Gear formalism of the always stable predictorcorrector method for molecular dynamics of polarizable molecules
View Description Hide DescriptionThe recently proposed always stable predictorcorrector method for molecular dynamics of polarizable molecules [J. Kolafa, J. Comput. Chem.25, 335 (2004)] is rewritten in the Gear formalism. This equivalent form simplifies an implementation if the Newton equations of motion are integrated by the Gear method and also enables a variable integration step. Algorithms are presented for both the original and new versions and tested on a pair of polarizable ions exhibiting anharmonic vibrations.

Fluctuationdissipation theorem densityfunctional theory
View Description Hide DescriptionUsing the fluctuationdissipation theorem (FDT) in the context of densityfunctional theory(DFT), one can derive an exact expression for the groundstatecorrelation energy in terms of the frequencydependent density response function. When combined with timedependent densityfunctional theory, a new class of density functionals results that use approximations to the exchangecorrelation kernel as input. This FDTDFT scheme holds promise to solve two of the most distressing problems of conventional Kohn–Sham DFT: (i) It leads to correlation energy functionals compatible with exact exchange, and (ii) it naturally includes dispersion. The price is a moderately expensive scaling of computational cost and a slower basis set convergence. These general features of FDTDFT have all been recognized previously. In this paper, we present the first benchmark results for a set of molecules using FDTDFT beyond the randomphase approximation (RPA)—that is, the first such results with . We show that kernels derived from the adiabatic localdensity approximation and other semilocal functionals suffer from an “ultraviolet catastrophe,” producing a pair density that diverges at small interparticle distance. Nevertheless, dispersion interactions can be treated accurately if hybrid functionals are employed, as is demonstrated for and HeNe. We outline constraints that future approximations to should satisfy and discuss the prospects of FDTDFT.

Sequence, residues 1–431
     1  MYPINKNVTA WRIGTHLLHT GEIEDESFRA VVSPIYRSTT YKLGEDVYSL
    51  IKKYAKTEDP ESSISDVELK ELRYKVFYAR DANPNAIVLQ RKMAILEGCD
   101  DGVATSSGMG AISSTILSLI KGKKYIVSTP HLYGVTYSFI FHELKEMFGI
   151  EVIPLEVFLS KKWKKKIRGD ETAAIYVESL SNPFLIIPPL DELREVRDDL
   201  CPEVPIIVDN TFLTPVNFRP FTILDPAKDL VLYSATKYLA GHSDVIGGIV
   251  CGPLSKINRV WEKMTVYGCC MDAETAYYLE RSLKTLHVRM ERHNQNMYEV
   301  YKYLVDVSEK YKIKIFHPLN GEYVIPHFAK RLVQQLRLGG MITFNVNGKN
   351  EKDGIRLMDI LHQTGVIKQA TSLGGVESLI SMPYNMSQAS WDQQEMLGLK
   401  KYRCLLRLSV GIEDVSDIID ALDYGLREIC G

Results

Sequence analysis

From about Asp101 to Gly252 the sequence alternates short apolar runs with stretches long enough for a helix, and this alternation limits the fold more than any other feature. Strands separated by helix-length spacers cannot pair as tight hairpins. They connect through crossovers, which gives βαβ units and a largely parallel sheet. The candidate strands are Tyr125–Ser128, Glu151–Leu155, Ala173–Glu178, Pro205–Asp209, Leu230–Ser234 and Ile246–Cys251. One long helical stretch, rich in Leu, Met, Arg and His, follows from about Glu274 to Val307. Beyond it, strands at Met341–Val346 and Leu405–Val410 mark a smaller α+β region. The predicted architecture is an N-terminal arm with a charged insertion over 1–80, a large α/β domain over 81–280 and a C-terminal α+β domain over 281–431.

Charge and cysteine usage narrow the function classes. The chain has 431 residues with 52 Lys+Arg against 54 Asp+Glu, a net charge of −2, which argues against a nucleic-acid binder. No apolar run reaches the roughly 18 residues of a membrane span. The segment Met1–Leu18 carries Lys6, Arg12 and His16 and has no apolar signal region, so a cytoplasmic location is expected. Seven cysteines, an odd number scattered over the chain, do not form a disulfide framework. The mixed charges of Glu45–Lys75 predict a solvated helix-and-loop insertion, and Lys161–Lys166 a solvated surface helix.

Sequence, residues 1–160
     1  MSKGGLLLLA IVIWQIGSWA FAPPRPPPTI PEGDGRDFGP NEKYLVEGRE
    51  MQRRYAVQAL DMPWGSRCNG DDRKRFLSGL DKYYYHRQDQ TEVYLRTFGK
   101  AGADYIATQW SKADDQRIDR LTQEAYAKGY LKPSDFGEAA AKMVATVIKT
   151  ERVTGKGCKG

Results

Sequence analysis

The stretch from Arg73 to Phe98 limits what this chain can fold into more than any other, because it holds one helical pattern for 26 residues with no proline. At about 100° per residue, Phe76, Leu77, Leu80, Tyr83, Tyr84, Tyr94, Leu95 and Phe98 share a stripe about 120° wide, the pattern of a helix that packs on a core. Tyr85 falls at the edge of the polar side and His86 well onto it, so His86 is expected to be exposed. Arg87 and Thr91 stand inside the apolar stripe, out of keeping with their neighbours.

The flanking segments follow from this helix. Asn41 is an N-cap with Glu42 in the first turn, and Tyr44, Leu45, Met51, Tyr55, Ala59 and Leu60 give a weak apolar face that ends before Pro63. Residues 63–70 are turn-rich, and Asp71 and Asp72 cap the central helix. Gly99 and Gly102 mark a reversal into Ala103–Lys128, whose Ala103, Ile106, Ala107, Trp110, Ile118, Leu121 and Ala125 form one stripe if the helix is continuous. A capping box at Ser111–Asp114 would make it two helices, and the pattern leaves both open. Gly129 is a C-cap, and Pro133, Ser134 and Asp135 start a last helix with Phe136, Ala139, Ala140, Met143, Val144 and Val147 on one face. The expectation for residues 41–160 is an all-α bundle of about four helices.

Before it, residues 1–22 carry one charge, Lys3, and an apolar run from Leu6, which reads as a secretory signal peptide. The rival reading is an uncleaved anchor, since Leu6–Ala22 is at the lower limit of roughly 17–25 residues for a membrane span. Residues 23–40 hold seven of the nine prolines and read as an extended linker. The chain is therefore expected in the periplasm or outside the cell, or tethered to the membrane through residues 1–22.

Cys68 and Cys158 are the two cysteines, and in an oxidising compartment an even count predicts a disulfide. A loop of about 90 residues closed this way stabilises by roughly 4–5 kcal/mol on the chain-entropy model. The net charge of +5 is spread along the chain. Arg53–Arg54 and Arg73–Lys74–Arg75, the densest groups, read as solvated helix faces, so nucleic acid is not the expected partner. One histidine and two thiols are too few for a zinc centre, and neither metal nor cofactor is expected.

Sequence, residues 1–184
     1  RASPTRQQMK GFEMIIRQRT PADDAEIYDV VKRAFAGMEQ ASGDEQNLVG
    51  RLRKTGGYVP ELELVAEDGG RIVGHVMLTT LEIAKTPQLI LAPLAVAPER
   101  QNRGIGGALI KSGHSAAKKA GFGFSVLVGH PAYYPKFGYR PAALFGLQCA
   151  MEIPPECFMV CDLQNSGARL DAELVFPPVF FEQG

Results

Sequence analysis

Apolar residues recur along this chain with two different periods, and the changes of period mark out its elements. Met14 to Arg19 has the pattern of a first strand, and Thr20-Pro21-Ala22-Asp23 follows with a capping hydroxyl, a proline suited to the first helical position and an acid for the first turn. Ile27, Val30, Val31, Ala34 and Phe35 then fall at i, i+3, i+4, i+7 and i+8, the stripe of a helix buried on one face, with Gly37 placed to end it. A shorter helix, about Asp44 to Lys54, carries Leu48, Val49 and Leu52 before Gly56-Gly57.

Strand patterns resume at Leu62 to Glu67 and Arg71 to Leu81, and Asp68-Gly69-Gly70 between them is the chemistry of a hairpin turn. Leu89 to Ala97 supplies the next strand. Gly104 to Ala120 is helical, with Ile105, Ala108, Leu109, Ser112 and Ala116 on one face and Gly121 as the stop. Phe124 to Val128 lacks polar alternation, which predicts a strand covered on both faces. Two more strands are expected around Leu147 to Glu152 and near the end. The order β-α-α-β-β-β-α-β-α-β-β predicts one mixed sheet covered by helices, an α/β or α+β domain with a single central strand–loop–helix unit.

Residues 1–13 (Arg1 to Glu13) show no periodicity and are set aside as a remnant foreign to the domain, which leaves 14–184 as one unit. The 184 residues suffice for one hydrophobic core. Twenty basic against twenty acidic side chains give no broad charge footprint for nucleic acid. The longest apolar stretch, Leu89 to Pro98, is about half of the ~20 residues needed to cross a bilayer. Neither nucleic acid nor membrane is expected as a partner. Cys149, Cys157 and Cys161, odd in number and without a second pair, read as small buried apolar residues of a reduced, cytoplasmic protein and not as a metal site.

A coherent discrete variable representation method for multidimensional systems in physics
View Description Hide DescriptionA coherent discrete variable representation (ZDVR) is proposed for constructing a multidimensional potentialoptimized DVR basis. The multidimensional quadrature pivots are obtained by diagonalizing a complex coordinate operator matrix in a finite basis set, which is spanned by the lowest eigenstates of a twodimensional reference Hamiltonian. Here a norm condition is used in the diagonalization procedure. The orthonormal eigenvectors define a collocation matrix connecting the localized ZDVR basis functions and the finite basis set. The method is applied to two vibrational models for computing the lowest bound states. Results show that the ZDVR method provides exponential convergence and accurate energies. Finally, a zerothorder approximation method is also derived.

Topography of molecular scalar fields. II. An appraisal of the hierarchy principle for electron momentum densities
View Description Hide DescriptionThe previously observed hierarchy principle for nondegeneratecritical points (CPs) of the electron momentum density (EMD) of molecules [Kulkarni, Gadre, and Pathak, Phys. Rev. A.45, 4399 (1992)] is verified at a reliable level of theory. Application of Morse inequalities and the Poincaré–Hopf relation to EMD leads to some rigorous results viz (i) for total number of CPs, there must be either a or a CP at the center of symmetry, (ii) for there must be either a or a CP at the center of symmetry. A single directional maximum on every ray, starting from has been observed for all the test molecules and is suggested as a working topographical principle in space. This working principle is shown to satisfy the sufficiency condition for the hierarchy principle.

Partial averaging and the centroid virial estimator for stereographic projection pathintegral simulations in curved spaces
View Description Hide DescriptionWe develop and test three different partial averaging theories for the stereographic projection path integral in curved spaces. Additionally, we adapt and test the centroid virial estimator for the kinetic energy in curved spaces. We tested both a confining as well as a nonconfining potential for the particle in a ring. All three partial averaging theories are demonstrated to converge linearly in the asymptotic region with , the number of Fourier coefficients. We use an error estimator to determine the optimal parameters for an extrapolation to infinite . We verify that the centroid virial estimator (derived from the primitive DeWitt pathintegral formula) converges to the kinetic energy for both confining and nonconfining potentials.

Theory of solvent influence on reaction dynamics